Cricket Hong Kong

Religious row, not cricket, ousted chief

PUBLISHED : Thursday, 28 April, 2011, 12:00am
UPDATED : Thursday, 28 April, 2011, 12:00am


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A religious dispute, not cricket, forced Hong Kong Cricket Association president Shahzada Saleem to step down as president of the Pakistan Association, he said.

'I stepped down on principle. There were some people, not members of the club I must stress, who forced their way into our AGM [annual general meeting] last Sunday, demanding I resign over a religious issue,' Saleem said yesterday from Italy, where he is on a business trip.

Saleem confirmed he would run for re-election as HKCA president at its annual meeting next month and stressed that the issues that forced his resignation from the Pakistan club would have no bearing on the poll.

'I have served the Pakistan club as president for the past six years, but some people didn't want me to continue and I decided if that was the case, I would step down. I resigned from my position. This has nothing to do with cricket,' he said.

Alex Mohammad, secretary and chairman of cricket at the club, said yesterday the Pakistan Association was '100 per cent' behind Saleem and would back him for another term as HKCA president when elections took place at the governing body's annual meeting next month. 'His resignation had nothing to do with cricket or with the Pakistan club. It was over another matter, a religious matter,' Mohammad said.

'Those people who hijacked our AGM last Sunday were asylum seekers demanding he approve plans to build a mosque.'

Saleem disputed speculation that his ousting was a power grab by disgruntled elements of the cricketing community and a bid to remove him as HKCA president before the June 26-30 International Cricket Council annual conference in Hong Kong.

Saleem, who succeeded Terry Smith as HKCA president two years ago, is an Islamic trustee of the Kowloon mosque. In this position, he has faced demands for a mosque to be built in Tung Chung.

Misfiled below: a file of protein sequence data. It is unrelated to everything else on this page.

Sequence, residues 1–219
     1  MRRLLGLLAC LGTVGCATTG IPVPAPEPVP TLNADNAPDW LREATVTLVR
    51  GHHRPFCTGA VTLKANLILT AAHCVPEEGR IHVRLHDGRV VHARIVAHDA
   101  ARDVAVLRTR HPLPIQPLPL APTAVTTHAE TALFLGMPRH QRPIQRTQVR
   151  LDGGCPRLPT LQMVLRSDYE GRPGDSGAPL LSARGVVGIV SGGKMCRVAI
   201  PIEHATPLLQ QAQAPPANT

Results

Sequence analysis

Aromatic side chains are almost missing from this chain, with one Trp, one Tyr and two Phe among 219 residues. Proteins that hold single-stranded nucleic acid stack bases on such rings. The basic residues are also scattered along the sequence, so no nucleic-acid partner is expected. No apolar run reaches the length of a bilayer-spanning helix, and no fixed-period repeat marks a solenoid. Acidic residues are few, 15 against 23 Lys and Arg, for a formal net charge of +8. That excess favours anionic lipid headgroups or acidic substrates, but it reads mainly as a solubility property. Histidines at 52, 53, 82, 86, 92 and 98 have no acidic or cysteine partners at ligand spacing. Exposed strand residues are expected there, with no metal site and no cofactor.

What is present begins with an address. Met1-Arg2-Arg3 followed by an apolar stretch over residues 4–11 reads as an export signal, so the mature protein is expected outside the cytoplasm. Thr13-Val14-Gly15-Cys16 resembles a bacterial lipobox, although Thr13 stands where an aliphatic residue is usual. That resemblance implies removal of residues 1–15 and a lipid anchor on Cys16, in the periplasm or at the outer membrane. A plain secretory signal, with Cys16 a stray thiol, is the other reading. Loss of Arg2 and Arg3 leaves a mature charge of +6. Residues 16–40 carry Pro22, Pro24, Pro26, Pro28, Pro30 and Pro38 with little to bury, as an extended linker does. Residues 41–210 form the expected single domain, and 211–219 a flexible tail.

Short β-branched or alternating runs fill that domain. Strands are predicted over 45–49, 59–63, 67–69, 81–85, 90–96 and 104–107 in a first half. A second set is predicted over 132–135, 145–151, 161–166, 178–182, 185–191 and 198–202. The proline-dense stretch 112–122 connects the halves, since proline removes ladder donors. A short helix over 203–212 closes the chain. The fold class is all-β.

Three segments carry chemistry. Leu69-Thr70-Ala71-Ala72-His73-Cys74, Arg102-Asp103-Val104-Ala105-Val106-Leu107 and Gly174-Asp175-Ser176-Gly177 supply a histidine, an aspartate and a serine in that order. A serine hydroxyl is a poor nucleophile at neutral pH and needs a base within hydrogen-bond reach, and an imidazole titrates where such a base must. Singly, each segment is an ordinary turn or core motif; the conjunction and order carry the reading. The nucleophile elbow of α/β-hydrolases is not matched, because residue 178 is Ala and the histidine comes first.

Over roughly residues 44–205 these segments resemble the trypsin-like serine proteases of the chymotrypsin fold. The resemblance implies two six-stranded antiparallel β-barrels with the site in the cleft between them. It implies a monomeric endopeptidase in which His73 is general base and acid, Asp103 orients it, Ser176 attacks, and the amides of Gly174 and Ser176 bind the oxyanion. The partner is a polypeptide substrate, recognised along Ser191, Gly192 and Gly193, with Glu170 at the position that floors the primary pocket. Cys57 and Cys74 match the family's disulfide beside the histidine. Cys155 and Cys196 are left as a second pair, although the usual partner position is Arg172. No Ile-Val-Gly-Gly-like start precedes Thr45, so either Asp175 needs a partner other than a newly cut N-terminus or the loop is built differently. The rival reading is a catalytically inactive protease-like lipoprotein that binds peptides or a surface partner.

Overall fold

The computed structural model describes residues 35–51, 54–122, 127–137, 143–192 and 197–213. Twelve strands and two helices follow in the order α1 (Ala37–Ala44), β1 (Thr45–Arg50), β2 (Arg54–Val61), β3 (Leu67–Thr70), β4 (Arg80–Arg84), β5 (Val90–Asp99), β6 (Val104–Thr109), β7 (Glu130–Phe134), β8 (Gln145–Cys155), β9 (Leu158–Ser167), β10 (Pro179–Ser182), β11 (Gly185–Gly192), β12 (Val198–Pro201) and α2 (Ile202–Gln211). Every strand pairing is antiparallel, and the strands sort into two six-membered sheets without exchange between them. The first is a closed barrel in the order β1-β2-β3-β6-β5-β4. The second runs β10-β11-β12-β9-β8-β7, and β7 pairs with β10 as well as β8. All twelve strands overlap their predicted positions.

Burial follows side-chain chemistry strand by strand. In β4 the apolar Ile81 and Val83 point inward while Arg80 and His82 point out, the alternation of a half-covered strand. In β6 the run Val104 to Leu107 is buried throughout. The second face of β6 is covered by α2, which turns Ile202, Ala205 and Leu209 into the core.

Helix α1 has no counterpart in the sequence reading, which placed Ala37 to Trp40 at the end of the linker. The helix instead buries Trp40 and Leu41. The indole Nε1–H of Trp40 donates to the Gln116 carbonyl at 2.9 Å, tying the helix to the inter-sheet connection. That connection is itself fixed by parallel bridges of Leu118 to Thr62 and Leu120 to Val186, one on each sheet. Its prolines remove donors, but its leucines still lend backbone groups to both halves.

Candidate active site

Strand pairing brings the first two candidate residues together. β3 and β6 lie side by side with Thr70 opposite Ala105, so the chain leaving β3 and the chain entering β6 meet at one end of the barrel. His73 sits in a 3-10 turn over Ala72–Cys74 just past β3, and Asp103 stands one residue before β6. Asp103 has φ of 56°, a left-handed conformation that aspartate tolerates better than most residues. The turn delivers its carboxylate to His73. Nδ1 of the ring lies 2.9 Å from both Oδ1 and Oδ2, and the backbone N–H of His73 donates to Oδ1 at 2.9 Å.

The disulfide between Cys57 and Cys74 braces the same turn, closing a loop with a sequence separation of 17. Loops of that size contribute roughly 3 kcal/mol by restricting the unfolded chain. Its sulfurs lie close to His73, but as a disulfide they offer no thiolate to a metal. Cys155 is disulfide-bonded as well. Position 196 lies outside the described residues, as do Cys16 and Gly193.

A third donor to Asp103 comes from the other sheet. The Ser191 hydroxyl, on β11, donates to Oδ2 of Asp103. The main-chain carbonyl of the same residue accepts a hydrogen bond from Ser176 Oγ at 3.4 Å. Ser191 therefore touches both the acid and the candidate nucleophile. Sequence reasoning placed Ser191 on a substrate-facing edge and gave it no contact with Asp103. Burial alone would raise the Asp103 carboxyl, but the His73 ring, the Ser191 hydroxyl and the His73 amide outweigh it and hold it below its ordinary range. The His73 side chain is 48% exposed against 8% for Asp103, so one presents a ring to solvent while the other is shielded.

'Some of the trustees, me included, didn't support these demands to get land from the Home Affairs Bureau. The protest was over this matter,' Saleem said. 'During my term as president of the club, my committee has taken the club to new heights. But if people were unhappy with me, I decided to step down on principle.'

More than 300 protesters disrupted the Pakistan club annual meeting last Sunday. Two who took part said yesterday there were a number of issues that prompted the action.

Tauseef Bukhari said it was not just a religious matter but also controversy over the conduct of the AGM. 'Nominations were called for only among his [Saleem's] people,' Bukhari said.

Mohammed Iqbal said they had not seen any 'development at the club or on the Islamic front'. He said they had called on others to resign as well as Saleem.

Bukhari and Iqbal said neither they nor the other protesters were asylum seekers and they would hold a meeting to decide what further action to take.

A Pakistan Association member said earlier that renovations being done at the club without tenders had caused a lot of friction.

Vice-president Qamar Zaman Minhas was appointed caretaker president and would steer the committee until a new AGM was held within 90 days, Mohammad said.

The Pakistan Association, formed in 1963, provides and promotes various cultural and recreational activities for the Pakistani community.

Saleem said: 'I'm proud of the work the HKCA executive committee has achieved... We have ensured the future of the Hong Kong Sixes and the game is in a healthy state.

'We lobbied hard for the ICC annual conference and were successful. I believe all the clubs in Hong Kong have recognised what we have done so far. I have done this for the love and passion I have for the game. If people don't want me to continue, I will move away... But I know we have achieved a great deal in the past couple of years and I think I have the support of the cricket community.'